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If your garden space is small, try growing vertically

A zucchini plant with large green leaves and a bright yellow bloom grows in soil in a raised bed with a white trellis behind it.
Kamadie/Getty Images/iStockphoto
Small gardens can still provide plenty of room for traditionally large plants, like zucchini and melons. Look for varieties that allow you to go vertical! These plants will grow up on trellises and smaller fruits, providing plenty throughout the summer.

If space is tight this gardening season and your appetite for growing larger plants is big, try to grow smaller or grow vertically.

Seek out seeds and plant types that can produce smaller fruits or try vining varieties of certain plants and train them to grow up instead of out.

As for growing plants that produce smaller fruits, plant breeders have created a wide variety meant for a small-space situation.

Perfect for petite raised beds or even containers, certain zucchini and tomato plants are dwarf indeterminants. The plants grow to only two or tree feet tall and will continue to produce fruit all summer long.

One zucchini, called Astia, will produce a plant that will stay small. Plant it in a pot or container to grow on a deck or patio. The bush will grow to be compact. And despite its demure size, you'll still have plenty of zucchini all summer long.

Cherry tomatoes are also great plants for smaller gardens or containers. If you're downsizing in the tomato area, try the varieties called, Goodhearted or Super Bush for smaller plants with high fruit yields.

Plants like squashes and melons grow to be large and sprawling. They might even trail and leave the confines of your garden space.

If your square footage is small, plant some squash and melon varieties that produce small fruits and that you can train to grow upward.

Try growing cantaloupes and melons, like the cream-colored sprite melon, the dark-orange fleshed Sugar Cube, or the heirloom Jenny Lind named for a Swedish opera star!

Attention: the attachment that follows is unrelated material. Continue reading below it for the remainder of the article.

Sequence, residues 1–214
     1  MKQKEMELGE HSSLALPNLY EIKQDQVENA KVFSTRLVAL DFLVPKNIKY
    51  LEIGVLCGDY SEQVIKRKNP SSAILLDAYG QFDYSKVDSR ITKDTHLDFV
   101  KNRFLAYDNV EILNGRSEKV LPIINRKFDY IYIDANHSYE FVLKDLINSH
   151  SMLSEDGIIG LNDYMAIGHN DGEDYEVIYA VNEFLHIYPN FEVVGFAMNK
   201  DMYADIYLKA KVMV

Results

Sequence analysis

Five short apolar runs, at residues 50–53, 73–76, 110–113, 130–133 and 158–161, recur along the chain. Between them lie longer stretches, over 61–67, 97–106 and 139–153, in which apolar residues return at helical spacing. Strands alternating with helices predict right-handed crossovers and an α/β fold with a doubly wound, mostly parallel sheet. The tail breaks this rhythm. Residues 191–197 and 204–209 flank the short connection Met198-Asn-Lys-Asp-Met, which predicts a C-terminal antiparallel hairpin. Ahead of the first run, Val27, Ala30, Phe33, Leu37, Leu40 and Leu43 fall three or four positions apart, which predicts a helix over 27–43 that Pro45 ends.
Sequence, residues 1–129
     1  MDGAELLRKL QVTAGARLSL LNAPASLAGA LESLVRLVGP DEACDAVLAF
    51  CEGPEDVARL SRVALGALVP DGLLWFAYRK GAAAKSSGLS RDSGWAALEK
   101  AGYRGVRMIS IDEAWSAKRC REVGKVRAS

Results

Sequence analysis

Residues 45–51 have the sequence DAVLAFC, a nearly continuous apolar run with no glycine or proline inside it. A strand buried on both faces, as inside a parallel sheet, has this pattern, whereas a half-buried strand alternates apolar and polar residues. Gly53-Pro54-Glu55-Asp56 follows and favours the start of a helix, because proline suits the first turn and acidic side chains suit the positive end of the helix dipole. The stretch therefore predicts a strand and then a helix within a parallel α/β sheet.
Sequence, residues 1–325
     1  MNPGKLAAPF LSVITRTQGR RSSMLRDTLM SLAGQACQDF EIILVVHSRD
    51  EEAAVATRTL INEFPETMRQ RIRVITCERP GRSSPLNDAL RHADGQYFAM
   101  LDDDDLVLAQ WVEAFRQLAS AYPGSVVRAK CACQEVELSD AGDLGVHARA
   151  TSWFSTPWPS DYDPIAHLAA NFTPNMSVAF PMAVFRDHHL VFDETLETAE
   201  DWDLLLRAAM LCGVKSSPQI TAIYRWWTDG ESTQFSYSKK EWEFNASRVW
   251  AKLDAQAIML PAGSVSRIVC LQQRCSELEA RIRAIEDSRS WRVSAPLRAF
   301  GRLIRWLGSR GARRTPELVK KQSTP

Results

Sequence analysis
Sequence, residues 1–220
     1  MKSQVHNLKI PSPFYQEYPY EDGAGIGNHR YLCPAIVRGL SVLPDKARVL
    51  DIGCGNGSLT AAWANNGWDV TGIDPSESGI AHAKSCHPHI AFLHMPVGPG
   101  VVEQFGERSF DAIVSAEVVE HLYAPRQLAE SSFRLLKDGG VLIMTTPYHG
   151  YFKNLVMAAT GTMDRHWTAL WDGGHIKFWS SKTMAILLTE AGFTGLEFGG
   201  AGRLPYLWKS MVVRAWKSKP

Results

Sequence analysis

The fruits these plants yield tend to be on the smaller side, weighing in at one or two pounds each.

And if your watermelon plant got gargantuan last season, try the type that grows just-for-one-sized melons. The tiny Mini Piccolo watermelon has a thick, dark green rind and deep-red flesh.

While these plants will grow smaller fruits and veggies, they'll still need some support as you train them to grow up a trellis, fence or wall.

As they grow and produce, keep the fruit supported by wrapping something soft around them, like a nylon stocking. Ensure that as they become ripe, they won't slip off the vine.

This method also works with zucchini, especially a new variety called Incredible Escalator. This small-space zucchini plant climbs up a fence and produces plenty of dark green zucchini.

Even heirlooms like the yellow crookneck squash tend to want to vine. Train the plant up a trellis to save space. You won't have to support the fruit of this plant though; just pick them when they are still quite small.

Q: I'm going to plant one fruit tree this spring in a garden bed. One that doesn't need another tree for cross pollination and if that doesn't exist, some other small tree that flowers and ideally drapes. Ideas? - Maria, via email

A: A number of fruit trees, like cherry, plum, peach and apple, are self-pollinating.

If you're dreaming of cherry pies, try the dwarf North Star cherry. Stella also produces a nice, sweet cherry.

For other fruit trees, try Reliance for peaches or Greengage for plums.

And if you're growing an apple tree, as long as you have crab apples or other wild apple trees around, your tree will get the pollen it needs from them.

Growing fruit trees depends on what you like to eat. Then shop around to find a self-pollinating variety.

All Things Gardening is powered by you, our audience! Send your gardening questions and conundrums and Charlie may answer them in upcoming episodes.

You can also leave a voicemail with your gardening question by calling Vermont Public at 1-800-639-2192.

Hear All Things Gardening during Weekend Edition with Vermont Public host Mary Williams Engisch, Sunday mornings at 9:35.

Have questions, comments or tips? Send us a message or get in touch by tweeting us @vermontpublicWe've closed our comments. Read about all the ways to get in touch here.

Mary Williams Engisch is a local host on All Things Considered.
Charlie Nardozzi is a nationally recognized garden writer, radio and TV show host, consultant, and speaker. Charlie is the host of All Things Gardening on Sunday mornings at 9:35 during Weekend Edition on Vermont Public. Charlie is a guest on Vermont Public's Vermont Edition during the growing season. He also offers garden tips on local television and is a frequent guest on national programs.